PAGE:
Old and new songs to get you in the seasonal spirit.

By Marcus JonesEli EnisLeah GreenblattAlex Suskind and Dan Snierson
December 03, 2020 at 06:31 PM EST
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Credit: SUZANNE CORDEIRO/AFP via Getty Images; John Shearer/CMT2020/Getty Images; John Atashian/Getty Images; Scott Dudelson/Getty Images; Kyle Gustafson / For The Washington Post via Getty Images

Every Friday, EW's music team runs down the five best songs of the week. For today's edition, we're doing something a little different: highlighting our favorite (old and new) holiday songs. Enjoy!

"Christmas (Baby Please Come Home)" — Darlene Love

The one non-negotiable record every holiday at home growing up was always A Christmas Gift for You From Phil Spector, which inevitably felt a lot less festive after Spector killed a woman and went to prison. But absolutely none of that is Darlene Love’s fault, and this song — with its layer-cake Wall of Sound production and her gorgeous, inimitable voice — still epitomizes the spirit of the season to me, because it is so sweet and sad and just jingle-jangle perfect. It somehow never gets diluted no matter how many movies or shows or Macy’s commercials they stick it in.  —Leah Greenblatt

"Sympathy 4 the Grinch" — 100 gecs

Given their Alvin and the Chipmunks-indebted Auto-Tune and colorful production that mirrors the flamboyant glow of a beaming Christmas tree, it makes perfect sense for 100 gecs to release a Christmas song. However, rather than nod to the wholesome carols of Alvin, Simon, and Theodore, Laura Les and Dylan Brady’s “Sympathy 4 the Grinch” is a mischievous pop-punk track about traveling to the North Pole to steal the gifts they didn’t get from Santa himself. With a Mark Hoppus-indebted bassline, puckish gang vocals, and even a ska “pick-it-up," it’s a delightfully ridiculous tune that joins the greater lineage of bratty mall-kid Christmas songs — nestling right in between Blink-182’s sneering “Happy Holidays, You Bastard” and Hollywood Undead’s naughty list anthem, “Christmas in Hollywood." The halls have now been officially been gec’d. —Eli Enis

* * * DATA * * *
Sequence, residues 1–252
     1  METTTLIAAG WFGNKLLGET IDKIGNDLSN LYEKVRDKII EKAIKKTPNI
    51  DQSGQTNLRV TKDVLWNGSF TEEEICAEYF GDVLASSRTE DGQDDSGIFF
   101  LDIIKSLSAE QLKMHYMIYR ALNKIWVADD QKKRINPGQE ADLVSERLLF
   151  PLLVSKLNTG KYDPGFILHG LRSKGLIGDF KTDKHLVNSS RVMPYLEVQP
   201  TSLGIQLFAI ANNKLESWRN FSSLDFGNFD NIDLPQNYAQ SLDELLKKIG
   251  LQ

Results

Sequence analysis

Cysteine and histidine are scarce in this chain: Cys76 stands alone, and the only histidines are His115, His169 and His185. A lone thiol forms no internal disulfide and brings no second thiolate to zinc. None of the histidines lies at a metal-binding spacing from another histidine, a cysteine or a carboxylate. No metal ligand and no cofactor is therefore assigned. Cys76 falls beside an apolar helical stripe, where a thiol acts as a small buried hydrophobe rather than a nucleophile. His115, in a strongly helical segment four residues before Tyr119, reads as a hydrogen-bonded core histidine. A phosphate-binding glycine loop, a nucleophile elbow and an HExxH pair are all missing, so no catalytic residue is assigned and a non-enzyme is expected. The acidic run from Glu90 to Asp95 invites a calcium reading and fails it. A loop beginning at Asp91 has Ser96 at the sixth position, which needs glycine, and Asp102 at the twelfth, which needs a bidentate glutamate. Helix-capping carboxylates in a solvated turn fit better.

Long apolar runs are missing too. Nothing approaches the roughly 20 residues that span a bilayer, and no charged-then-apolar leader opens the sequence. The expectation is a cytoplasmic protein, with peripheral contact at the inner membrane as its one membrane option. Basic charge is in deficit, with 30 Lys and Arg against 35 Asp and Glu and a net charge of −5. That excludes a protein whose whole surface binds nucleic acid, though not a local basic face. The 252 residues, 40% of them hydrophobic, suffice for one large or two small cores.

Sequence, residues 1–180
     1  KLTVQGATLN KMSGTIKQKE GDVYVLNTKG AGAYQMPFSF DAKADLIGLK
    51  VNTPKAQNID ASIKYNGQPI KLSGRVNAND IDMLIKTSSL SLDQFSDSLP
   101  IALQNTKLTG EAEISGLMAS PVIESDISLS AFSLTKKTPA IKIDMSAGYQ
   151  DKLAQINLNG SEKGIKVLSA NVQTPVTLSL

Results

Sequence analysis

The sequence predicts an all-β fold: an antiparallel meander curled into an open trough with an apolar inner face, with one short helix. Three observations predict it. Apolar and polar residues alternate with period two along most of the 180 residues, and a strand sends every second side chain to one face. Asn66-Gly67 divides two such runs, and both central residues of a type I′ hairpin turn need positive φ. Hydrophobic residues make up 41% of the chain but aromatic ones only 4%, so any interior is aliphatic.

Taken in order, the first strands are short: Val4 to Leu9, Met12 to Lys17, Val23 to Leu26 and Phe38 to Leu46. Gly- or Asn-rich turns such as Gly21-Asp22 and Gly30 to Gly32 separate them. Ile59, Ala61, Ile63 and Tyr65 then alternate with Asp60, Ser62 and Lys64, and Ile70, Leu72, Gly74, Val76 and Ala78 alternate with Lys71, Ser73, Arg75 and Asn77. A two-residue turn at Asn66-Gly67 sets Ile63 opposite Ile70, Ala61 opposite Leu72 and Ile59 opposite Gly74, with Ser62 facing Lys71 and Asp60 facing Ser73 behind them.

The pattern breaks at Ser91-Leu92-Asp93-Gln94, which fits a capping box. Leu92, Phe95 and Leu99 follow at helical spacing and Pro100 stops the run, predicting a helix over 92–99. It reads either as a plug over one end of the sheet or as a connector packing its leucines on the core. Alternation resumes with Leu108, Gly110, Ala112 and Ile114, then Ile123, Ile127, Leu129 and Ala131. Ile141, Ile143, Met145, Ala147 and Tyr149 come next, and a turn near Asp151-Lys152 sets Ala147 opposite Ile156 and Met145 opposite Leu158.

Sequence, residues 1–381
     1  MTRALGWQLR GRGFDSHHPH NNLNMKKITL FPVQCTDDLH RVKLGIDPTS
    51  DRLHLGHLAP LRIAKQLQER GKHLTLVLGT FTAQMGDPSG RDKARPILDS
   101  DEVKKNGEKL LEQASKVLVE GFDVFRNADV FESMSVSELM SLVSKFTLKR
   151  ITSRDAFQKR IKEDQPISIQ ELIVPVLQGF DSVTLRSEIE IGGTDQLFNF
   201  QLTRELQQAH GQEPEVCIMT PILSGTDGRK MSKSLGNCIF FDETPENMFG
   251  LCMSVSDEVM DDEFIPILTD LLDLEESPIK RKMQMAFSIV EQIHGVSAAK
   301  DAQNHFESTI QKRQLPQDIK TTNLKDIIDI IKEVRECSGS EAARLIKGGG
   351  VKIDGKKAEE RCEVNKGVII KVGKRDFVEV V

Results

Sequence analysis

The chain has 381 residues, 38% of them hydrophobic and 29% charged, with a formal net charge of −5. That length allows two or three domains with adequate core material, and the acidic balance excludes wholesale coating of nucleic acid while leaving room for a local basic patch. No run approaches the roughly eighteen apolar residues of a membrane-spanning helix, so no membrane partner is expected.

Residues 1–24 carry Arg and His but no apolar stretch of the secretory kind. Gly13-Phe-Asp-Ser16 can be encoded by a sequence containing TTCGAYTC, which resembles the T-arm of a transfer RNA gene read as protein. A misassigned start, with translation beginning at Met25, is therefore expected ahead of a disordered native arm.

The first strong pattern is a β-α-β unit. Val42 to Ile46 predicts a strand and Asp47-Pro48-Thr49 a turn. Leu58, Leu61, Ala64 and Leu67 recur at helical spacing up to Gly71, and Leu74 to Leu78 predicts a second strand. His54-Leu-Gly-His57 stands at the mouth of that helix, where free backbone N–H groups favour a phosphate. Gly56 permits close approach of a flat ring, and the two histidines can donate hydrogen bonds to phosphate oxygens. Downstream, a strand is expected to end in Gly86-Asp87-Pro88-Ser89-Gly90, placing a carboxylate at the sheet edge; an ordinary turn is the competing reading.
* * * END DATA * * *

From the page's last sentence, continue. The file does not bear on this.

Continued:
“Santa Claus Is Comin’ to Town” — Dokken

Turn your fireplaces up to 11: Dokken is here with a rockin’ (rokken?) take on this Yuletide classic that lends a snarl and an air of menace to the arrival of our Christmas hero. Did they rip themselves off by using the chord progression from the verses of their 1987 single “Dream Warrior”? They sure as hell did! But come on, isn’t Christmas a time for sharing? —Dan Snierson

“Christmas Always Finds Me” — Ingrid Andress

While it was originally released in March, right as the world went into lockdown, the Best New Artist Grammy nominee’s Lady Like exuded fall vibes, best exemplified by the standout single “More Hearts Than Mine.” It makes sense then for Andress to go one season further by releasing an original Christmas song. With this track, the singer-songwriter finds a way to capture the melancholy of the holidays spent social distancing while still maintaining a timeless message about the healing properties of the Christmas spirit. —Marcus Jones

"Have Yourself a Merry Little Christmas" — Tinashe

Tinashe's recent surprise holiday EP, Comfort & Joy, adds a contemporary flare to timeless Christmas classics. Closer "Have Yourself a Merry Little Christmas" sees the R&B singer skipping across a stuttering beat and airy keys — a unique punch to a song you've likely heard 40 million times or more. —Alex Suskind

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